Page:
To Pitch or Not to Pitch

The word “pitching” always made me think of episodes of the Apprentice. Watching nervous hopefuls talking endlessly about how their ideas are the best, trying to persuade everyone and anyone that not choosing their pitch would be a terrible mistake. This wasn’t far off to my reality but instead of Alan Sugar I was pitching stories to Journalists. Which is a scarier prospect? It’s hard to choose.

It’s a long shot, sending an email to someone you’ve never met asking them to feature your story in their publication. Why would they give you the opportunity? Why not? Starting out, I thought how hard could this be, it turns out it was a lot harder than first expected.

As a Journalist I can only imagine how hectic their day to day activities are. Constant emails and calls from eager companies and agencies trying to get their latest products mentioned in an article, or trying to gain coverage to promote the new CMO who’s going to change the face of their company. These certain types of stories can make for a good read but what would make you pick one story over the hundreds of others you’ve received in your inbox? Understanding this is a vital point for anyone trying to achieve a successful pitch.

After several failed attempts of trying to reach out to key journalists, with a few resulting in the phone being slammed down on me, I thought I would revaluate my tactics.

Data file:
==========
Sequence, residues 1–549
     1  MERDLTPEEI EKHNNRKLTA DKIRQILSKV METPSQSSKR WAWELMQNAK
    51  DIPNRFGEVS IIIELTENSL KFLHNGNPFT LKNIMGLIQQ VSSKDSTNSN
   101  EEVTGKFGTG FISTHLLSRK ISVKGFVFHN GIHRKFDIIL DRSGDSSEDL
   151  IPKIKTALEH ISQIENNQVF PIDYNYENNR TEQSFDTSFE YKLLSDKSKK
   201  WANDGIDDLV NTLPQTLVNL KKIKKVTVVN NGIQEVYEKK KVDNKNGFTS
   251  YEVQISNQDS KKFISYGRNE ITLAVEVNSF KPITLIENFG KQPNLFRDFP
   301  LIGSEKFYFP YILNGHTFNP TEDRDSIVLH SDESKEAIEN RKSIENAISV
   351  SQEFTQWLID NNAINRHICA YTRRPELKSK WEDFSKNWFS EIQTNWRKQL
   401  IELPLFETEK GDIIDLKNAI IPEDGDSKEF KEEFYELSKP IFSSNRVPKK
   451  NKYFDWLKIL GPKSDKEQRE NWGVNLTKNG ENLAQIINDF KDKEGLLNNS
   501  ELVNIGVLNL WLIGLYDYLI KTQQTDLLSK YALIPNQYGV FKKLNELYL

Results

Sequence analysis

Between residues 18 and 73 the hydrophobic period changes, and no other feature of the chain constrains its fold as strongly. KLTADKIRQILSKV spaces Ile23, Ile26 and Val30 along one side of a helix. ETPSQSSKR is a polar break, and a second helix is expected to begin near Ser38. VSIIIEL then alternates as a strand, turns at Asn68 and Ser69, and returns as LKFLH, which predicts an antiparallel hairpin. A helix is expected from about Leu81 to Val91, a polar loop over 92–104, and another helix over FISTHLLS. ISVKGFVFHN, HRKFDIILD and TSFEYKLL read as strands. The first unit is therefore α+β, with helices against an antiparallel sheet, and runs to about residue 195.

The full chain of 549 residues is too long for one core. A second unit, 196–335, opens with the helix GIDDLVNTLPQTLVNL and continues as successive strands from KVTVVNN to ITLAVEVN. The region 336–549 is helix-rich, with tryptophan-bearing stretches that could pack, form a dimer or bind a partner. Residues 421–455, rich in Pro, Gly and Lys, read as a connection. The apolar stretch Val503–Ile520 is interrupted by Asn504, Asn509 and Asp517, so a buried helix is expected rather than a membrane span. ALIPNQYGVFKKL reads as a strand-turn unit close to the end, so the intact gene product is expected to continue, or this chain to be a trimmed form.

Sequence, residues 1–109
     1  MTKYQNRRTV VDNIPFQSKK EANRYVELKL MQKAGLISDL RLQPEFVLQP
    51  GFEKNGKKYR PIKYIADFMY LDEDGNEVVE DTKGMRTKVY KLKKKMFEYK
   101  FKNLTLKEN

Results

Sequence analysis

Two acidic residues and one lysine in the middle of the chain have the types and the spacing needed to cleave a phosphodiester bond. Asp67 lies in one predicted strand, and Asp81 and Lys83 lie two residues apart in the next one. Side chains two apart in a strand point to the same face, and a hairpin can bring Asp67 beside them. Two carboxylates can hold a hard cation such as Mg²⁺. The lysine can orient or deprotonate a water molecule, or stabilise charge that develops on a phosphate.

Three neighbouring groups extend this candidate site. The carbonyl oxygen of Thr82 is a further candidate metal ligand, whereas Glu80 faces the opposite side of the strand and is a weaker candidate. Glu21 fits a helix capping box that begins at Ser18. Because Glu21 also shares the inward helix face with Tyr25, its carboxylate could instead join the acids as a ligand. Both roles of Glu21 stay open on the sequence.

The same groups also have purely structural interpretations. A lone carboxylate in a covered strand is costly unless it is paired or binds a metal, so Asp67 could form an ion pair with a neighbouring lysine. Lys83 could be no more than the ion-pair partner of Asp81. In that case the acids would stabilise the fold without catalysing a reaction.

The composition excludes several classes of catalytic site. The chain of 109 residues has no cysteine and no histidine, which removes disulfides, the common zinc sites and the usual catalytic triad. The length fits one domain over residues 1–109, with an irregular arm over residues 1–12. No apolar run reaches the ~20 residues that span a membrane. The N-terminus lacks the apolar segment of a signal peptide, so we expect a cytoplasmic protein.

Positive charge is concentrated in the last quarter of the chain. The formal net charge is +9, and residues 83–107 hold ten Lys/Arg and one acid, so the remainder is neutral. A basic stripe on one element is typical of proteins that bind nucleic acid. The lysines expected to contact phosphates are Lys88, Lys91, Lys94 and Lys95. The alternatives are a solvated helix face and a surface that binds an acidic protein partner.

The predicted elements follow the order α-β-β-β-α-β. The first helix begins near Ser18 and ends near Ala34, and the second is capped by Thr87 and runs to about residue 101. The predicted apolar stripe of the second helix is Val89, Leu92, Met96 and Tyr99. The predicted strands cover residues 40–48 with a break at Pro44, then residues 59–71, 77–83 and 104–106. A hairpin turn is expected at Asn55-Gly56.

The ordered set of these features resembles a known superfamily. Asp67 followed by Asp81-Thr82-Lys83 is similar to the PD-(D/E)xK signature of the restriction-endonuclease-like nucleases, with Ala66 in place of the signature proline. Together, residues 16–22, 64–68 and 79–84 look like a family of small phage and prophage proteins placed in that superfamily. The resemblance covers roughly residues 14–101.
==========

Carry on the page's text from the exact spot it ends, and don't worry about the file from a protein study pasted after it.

While you can’t always get the opportunity to have previously met or spoken with the journalist beforehand, if you have then you need to take advantage of this when reaching out. Everyone likes to know who they are talking too and adding personal touches make you stand out from the other generic meaningless emails and calls journalists receive on a constant basis.

A key component to any successful pitch is simplicity! Why over complicate when you can simplify? Get to the point, be precise about what you are pitching and be honest. Journalists do appreciate honesty and it is important to show that you have tried to help them by giving them all the information they need without the added 4 extra paragraphs of nonsense.

However, if you decide to pitch, I would recommend to avoid BUZZWORDS. Your article is not “revolutionary” or “disruptive”, and editors are most likely to switch off after reading generic buzzwords they have heard so many times before, and are generally irrelevant to what you are pitching. Try to avoid at all cost, for examples of the most overused terms click here.


The Tradeshow Survival Challenge

Tradeshows. Every journalist, exhibitor and visitor knows of the challenges you can face. Working in a marketing agency we have to tackle tradeshows on almost a monthly basis. If its attending one or preparing for the next, it seems the next tradeshow is only around the corner for us and our clients.

From personal experience, my biggest challenge to date is having  to 'survive' a tradeshow. I wish I knew then what I know now.

3 Tips for Survival:

1) Comfortable shoes
 Your foot attire will be what makes or breaks your time venturing around at a tradeshow. Comfort over fashion is a must and be prepared with plasters for the amount of walking you will do.